Seven points to ponder from Jeremy Corbyn’s alternative to the northern powerhouse

Corbyn has been under fire for his economic ideas (Source: Getty)

Jeremy Corbyn has been under pressure from more moderate Labour politicians for his economic plans, but what does he want to achieve in his desire to see the North returned to a "great engine of prosperity" and how would he do it?

Here are the seven things to take from Corbyn’s “Northern Future” proposals.

The North has to take power back from London. But, George Osborne's plans are a “cruel deception”

Most parties on the surface agree to some sort of devolution, but greater democracy cannot be imposed from Westminster.

And, he’s not happy with the Conservative government, who he said have devolved cuts to spending, but not the power to do anything to stop them. In a speech unveiling the plans, he said:

There is a lack of faith in the Conservatives' Northern powerhouse agenda which combines power cuts for rail electrification with the devolution of crude cuts.

So, a constitutional convention should be set up to aid the process of devotion.

Read more: Shadow chancellor Chris Leslie confirms he would not serve under Jeremy Corbyn

There is a need to rebalance the economy

Corbyn’s using some stats to make this point: “Between 2010-14 London created 6 times as many jobs as in the North West, 4 times as many as the North East, 3 times as many as the West Midlands and twice as much as Yorkshire and the East Midlands.”

The solution: We need to redesign the economy around some clear social and economic objectives and fulfilled by industrial strategy. For this, there needs to be a National Investment Bank to invest in infrastructure across Britain.

Industrial growth

Corbyn has called on re-industrialisation and said the North needs new investment institutions that are rooted in the northern economy to ensure deep regeneration. “There is a need to create a higher wage and better skilled jobs, while developing new industries remains important.”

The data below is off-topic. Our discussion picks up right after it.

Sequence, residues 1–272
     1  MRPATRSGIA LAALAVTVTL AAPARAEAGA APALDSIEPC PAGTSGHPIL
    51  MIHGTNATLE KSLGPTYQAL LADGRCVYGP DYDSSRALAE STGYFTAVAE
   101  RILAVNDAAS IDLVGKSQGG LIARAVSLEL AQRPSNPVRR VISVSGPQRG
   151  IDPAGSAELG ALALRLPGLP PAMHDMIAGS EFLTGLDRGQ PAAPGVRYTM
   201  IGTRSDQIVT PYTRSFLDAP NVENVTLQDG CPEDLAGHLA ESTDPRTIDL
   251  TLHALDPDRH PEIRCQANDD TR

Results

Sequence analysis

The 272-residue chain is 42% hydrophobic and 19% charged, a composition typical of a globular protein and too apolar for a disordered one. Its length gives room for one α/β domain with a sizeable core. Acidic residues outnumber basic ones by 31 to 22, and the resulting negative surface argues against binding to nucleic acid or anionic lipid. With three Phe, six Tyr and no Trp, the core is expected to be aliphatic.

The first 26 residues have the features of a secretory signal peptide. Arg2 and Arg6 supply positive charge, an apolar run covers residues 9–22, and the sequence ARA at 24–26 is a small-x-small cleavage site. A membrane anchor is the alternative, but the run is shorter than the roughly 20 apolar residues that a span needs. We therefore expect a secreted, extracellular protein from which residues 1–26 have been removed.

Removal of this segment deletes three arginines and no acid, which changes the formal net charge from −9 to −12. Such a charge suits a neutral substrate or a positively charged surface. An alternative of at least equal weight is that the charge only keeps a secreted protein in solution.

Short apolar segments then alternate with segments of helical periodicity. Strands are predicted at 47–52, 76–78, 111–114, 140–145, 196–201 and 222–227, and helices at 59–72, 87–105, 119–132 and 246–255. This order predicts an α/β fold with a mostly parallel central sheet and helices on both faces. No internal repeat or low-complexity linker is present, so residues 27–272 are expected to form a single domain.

Local economic partnerships created by the last government, in his view, were too often under the control of central government and lacked the "scope, capacity and scale" to make the required investment. A National Education Service and a National Investment Bank are necessary to help build links between employers and employees as well as transport and broadband for companies to grow.

Education in skills

This is a big one, and seemingly where Corbyn has the most ready-to-go-policies: We need to get local authorities paying for part of local graduates salaries to get a job in their home area. Tuition fees should be abolished and grants restored.

Transport

Favouritism of the South East in terms of funding is unacceptable, Corbyn says. So, powers over transport should be devolved, allowing regions to regulate their own rail, tram and bus networks. We also need electrification of railways, which will also create jobs.

Housing

One of the National Investment Bank’s priorities would be housing. Restrictions on councils to borrow to build council housing would be removed and extending right to buy to private tenants would undergo consultation. The possibility of tough “lose it or use it” rights over land could be imposed.

Justice

“A number of injustices have been hidden.” The government attempted to influence police tactics in the miner’s strikes, for one. So, the Conservative government should make a formal apology for the actions of previous Conservative governments.

Corbyn’s paper and comments on how he would fundamentally shift the UK away from austerity and towards public investment come as he comes under pressure from more moderate factions of the party.

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